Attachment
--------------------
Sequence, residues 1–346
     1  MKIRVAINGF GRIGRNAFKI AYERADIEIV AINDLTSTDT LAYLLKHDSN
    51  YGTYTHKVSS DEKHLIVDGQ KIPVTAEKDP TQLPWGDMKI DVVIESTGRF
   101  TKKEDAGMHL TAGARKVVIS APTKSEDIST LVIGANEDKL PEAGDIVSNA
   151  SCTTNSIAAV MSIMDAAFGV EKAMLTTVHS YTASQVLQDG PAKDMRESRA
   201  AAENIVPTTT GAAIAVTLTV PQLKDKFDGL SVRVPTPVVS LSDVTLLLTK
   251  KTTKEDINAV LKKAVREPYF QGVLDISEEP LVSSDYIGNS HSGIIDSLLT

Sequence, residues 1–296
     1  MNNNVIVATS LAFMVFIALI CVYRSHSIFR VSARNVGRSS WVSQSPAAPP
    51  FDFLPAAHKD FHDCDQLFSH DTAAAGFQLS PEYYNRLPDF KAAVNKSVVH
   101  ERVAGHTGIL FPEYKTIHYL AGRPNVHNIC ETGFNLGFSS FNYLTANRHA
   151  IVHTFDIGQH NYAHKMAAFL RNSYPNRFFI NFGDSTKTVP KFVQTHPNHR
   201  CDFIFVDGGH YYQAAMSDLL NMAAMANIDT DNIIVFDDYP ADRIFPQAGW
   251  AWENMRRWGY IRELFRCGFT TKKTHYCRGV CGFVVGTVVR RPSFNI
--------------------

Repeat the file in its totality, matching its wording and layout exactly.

Sequence, residues 1–346
     1  MKIRVAINGF GRIGRNAFKI AYERADIEIV AINDLTSTDT LAYLLKHDSN
    51  YGTYTHKVSS DEKHLIVDGQ KIPVTAEKDP TQLPWGDMKI DVVIESTGRF
   101  TKKEDAGMHL TAGARKVVIS APTKSEDIST LVIGANEDKL PEAGDIVSNA
   151  SCTTNSIAAV MSIMDAAFGV EKAMLTTVHS YTASQVLQDG PAKDMRESRA
   201  AAENIVPTTT GAAIAVTLTV PQLKDKFDGL SVRVPTPVVS LSDVTLLLTK
   251  KTTKEDINAV LKKAVREPYF QGVLDISEEP LVSSDYIGNS HSGIIDSLLT

Sequence, residues 1–296
     1  MNNNVIVATS LAFMVFIALI CVYRSHSIFR VSARNVGRSS WVSQSPAAPP
    51  FDFLPAAHKD FHDCDQLFSH DTAAAGFQLS PEYYNRLPDF KAAVNKSVVH
   101  ERVAGHTGIL FPEYKTIHYL AGRPNVHNIC ETGFNLGFSS FNYLTANRHA
   151  IVHTFDIGQH NYAHKMAAFL RNSYPNRFFI NFGDSTKTVP KFVQTHPNHR
   201  CDFIFVDGGH YYQAAMSDLL NMAAMANIDT DNIIVFDDYP ADRIFPQAGW
   251  AWENMRRWGY IRELFRCGFT TKKTHYCRGV CGFVVGTVVR RPSFNI